Eight months after the military allowed gays to serve openly – and on the same day that President Barack Obama declared his support for same-sex marriage – the House Armed Services Committee backed measures limiting the rights of gays and lesbians.
The panel stepped into the gays in the military issue as it considered a sweeping, $642 billion defense bill for next year that buys new weapons, ships and aircraft, increases military pay by 1.7 percent and sets policies for the Pentagon. The committee worked through the day May 9 and into the early morning May 10 on the legislation that adds billions of dollars to the president’s budget request.
The committee fleshed out a blueprint for next year that calls for a base defense budget of $554 billion, including nuclear weapons spending, plus $88 billion for the war in Afghanistan and counterterrorism efforts. That compares with the administration’s proposal of $551 billion, plus $88 billion.
Conservative Republicans still angry with the end to the “don’t ask, don’t tell” policy on gays in the military pressed two measures.
“The president has repealed `don’t ask, don’t tell’ and is using the military as props to promote his gay agenda,” said Rep. Todd Akin, R-Mo., who is running for Senate.
The committee, on a vote of 37-24, backed an amendment that barred same-sex marriages or “marriage-like” ceremonies on military installations. The panel also endorsed an Akin amendment that said the services should accommodate the rights of conscience of members of the services and chaplains who are morally or religiously opposed to expressions of human sexuality.
In an odd exchange, Rep. Loretta Sanchez, D-Calif., questioned what would happen if a service member literally interpreted the Old Testament’s Leviticus, which considers homosexuality an abomination. Rep. Austin Scott, R-Ga., disputed her contention that was part of the Bible, saying it was the Old Testament.
“Members of this committee are looking to turn back the clock and find new ways to discriminate against gay and lesbian service members,” said Rep. Adam Smith of Washington state, the top Democrat on the committee. “These men and women serve with honor and distinction and this amendment sends a message that their service is not valued.”
Earlier in the day, the committee backed construction of a missile defense site on the East Coast, rejecting Pentagon arguments that the facility is unnecessary and Democratic complaints that the nearly $5 billion project amounts to wasteful spending in a time of tight budgets.
In rancorous, lengthy debate, Republicans insisted that the site is necessary in the event that Iran or North Korea develop an intercontinental ballistic missile capable of attacking the East Coast. Democrats countered that throwing billions of dollars at a missile defense system plagued by failures made no sense, especially when the threat from the two nations was highly uncertain and many in Washington are demanding fiscal discipline.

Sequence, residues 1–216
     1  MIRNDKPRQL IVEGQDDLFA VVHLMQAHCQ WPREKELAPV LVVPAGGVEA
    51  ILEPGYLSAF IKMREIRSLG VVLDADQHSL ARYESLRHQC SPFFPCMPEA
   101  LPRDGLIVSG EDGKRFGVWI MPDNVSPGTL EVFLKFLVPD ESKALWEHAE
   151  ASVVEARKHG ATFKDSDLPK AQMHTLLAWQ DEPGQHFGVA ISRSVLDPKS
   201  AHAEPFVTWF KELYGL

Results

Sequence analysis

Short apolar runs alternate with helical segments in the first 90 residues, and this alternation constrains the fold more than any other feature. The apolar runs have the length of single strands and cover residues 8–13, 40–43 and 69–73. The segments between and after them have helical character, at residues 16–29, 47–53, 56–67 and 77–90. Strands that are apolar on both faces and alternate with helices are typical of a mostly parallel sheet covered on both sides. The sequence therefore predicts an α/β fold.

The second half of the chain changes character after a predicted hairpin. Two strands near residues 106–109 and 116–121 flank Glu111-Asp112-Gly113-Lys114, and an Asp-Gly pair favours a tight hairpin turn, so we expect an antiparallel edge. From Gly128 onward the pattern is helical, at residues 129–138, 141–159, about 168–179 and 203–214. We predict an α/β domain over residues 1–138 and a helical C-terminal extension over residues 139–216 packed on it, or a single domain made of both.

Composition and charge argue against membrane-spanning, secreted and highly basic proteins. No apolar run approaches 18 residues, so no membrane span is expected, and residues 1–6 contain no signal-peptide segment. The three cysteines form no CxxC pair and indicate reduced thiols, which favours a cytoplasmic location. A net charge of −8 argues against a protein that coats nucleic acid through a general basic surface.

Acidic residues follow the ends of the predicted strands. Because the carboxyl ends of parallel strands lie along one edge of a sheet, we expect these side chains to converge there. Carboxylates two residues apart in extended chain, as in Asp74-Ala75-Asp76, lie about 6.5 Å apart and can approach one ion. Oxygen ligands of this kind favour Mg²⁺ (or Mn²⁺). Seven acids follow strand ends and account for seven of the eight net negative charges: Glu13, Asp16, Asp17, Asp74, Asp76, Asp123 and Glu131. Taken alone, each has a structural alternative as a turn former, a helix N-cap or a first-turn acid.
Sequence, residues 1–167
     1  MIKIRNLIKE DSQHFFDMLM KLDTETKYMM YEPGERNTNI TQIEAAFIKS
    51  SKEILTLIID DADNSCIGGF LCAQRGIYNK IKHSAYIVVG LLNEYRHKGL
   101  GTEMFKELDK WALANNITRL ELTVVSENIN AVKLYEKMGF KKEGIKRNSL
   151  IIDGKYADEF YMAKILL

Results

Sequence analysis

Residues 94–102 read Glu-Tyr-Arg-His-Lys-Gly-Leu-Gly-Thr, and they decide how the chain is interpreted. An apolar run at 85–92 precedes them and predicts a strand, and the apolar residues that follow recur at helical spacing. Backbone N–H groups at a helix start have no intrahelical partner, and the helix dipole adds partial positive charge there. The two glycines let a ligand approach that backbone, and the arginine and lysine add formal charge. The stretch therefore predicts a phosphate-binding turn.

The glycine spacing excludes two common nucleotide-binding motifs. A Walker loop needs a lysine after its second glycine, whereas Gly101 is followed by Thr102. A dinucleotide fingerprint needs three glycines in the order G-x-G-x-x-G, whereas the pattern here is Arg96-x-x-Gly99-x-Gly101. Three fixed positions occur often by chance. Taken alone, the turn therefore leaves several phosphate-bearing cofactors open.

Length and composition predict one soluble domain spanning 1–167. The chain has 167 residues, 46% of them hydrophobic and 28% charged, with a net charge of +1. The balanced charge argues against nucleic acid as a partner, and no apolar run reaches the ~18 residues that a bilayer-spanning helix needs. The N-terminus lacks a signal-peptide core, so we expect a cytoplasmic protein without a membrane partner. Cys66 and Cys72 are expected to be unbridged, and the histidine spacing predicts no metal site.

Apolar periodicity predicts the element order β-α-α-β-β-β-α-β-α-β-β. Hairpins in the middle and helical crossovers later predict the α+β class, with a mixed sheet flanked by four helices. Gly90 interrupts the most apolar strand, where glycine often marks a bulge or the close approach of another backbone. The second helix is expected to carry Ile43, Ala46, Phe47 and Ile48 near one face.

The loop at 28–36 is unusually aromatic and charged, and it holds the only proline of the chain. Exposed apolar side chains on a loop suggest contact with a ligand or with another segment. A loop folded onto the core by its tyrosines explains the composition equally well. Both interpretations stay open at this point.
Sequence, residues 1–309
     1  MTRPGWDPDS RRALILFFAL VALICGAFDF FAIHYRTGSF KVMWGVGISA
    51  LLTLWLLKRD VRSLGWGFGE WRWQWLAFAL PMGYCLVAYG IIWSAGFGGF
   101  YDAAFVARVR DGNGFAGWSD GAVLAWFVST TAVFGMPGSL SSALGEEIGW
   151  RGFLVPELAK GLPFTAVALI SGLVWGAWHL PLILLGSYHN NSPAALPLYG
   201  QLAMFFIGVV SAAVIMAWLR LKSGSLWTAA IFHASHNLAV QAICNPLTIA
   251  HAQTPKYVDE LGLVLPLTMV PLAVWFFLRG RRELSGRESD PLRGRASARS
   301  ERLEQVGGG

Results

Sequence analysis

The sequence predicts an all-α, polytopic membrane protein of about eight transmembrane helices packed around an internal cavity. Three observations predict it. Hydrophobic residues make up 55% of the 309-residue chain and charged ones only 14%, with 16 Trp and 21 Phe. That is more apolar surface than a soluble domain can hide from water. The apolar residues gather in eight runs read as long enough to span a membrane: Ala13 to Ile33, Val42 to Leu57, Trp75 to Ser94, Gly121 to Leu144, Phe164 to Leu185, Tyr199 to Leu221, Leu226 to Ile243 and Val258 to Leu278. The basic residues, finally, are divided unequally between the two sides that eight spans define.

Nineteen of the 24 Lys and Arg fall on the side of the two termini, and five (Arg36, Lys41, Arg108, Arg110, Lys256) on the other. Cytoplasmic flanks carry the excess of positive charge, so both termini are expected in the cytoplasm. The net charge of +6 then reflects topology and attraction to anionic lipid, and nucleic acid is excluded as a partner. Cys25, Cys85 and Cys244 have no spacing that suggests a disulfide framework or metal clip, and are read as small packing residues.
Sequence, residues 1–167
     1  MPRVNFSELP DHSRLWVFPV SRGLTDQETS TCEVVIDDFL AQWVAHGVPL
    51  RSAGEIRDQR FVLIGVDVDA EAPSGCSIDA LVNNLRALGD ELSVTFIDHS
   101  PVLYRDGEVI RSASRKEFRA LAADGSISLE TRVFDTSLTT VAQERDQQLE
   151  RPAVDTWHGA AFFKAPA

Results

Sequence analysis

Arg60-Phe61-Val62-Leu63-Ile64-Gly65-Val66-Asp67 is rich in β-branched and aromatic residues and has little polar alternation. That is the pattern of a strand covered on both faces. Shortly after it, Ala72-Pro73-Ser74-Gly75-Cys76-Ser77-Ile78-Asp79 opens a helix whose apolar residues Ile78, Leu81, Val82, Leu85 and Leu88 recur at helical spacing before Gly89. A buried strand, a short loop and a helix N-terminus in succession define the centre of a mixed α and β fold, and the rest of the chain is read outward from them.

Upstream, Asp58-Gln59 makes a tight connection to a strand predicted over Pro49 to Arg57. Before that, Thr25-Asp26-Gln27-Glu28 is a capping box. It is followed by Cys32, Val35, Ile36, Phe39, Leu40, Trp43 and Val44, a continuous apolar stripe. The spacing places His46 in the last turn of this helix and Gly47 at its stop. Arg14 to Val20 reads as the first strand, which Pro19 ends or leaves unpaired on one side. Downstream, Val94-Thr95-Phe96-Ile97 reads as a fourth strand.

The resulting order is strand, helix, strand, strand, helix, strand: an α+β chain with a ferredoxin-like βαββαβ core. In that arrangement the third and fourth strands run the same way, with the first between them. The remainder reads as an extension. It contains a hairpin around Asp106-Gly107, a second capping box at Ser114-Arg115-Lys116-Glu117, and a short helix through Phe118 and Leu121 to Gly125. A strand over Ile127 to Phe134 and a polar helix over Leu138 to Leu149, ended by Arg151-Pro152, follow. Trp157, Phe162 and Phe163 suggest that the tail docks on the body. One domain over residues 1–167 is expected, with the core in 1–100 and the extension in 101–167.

This “would be spending up to $5 billion in the next three years on a missile defense system that doesn’t work,” said Rep. John Garamendi, D-Calif., who offered an amendment to eliminate the project from the GOP-backed bill.
The chief proponent of constructing the site, Rep. Michael Turner, R-Ohio, said, “We need to proceed with missile defense whether this president wants to or not.”
On a largely party-line vote, the panel rejected Garamendi’s effort, 33-28.
Since the mid-1980s, the Pentagon has spent nearly $150 billion on missile defense programs and envisions another $44 billion over the next five years. But it is not looking to construct a facility on the East Coast.
Gen. Charles Jacoby, the head of U.S. Northern Command and North American Aerospace Defense Command, told Congress earlier this year, “Today’s threats do not require an East Coast missile field, and we do not have plans to do so.”
The progress of Iranian and North Korean programs remains unclear. The United States and its allies accuse Iran of using its nuclear program to develop atomic weapons. Iran insists it is producing nuclear energy. North Korea suffered a failed rocket launch last month when its Unha-3 rocket broke apart, raising questions about the immediate threat to the United States from a North Korean long-range missile.
Lt. Gen. Patrick J. O’Reilly, the head of the U.S. missile defense program, told Congress recently that North Korea lacks the testing for a capable system and has made little progress in its spaceflight program.
Nevertheless, the committee envisions construction of the site by the end of 2015, with the Pentagon deciding on a possible location. The bill includes $100 million to study three potential sites.
In a pre-emptive move, the committee backed an amendment by Rep. Doug Lamborn, R-Colo., prohibiting any spending on implementing an international agreement on activities in space unless the pact has been ratified by the Senate or authorized by law.
The idea of another round of domestic base closings lost by a 44-18 vote. Lawmakers have challenged the savings from previous closings. Defense Secretary Leon Panetta had proposed two rounds, but there’s no enthusiasm in Congress for that during an election year.
The committee chairman, Rep. Howard “Buck” McKeon, R-Calif., said the legislation represents a “modest” increase over the administration’s proposal and “actively rebuilds the military within the constrained resources available to us.”
Smith said he was pleased that the bill includes new conditions on providing aid to Pakistan. “It is imperative that Pakistan support our counterterrorism efforts,” he said.
Election-year maneuvering over the size of the Pentagon budget is unfolding against a backdrop of worries by Republicans and Democrats that the nation’s defenses will suffer if lawmakers cannot stave off more than $500 billion in mandatory military spending cuts scheduled to begin taking effect next year.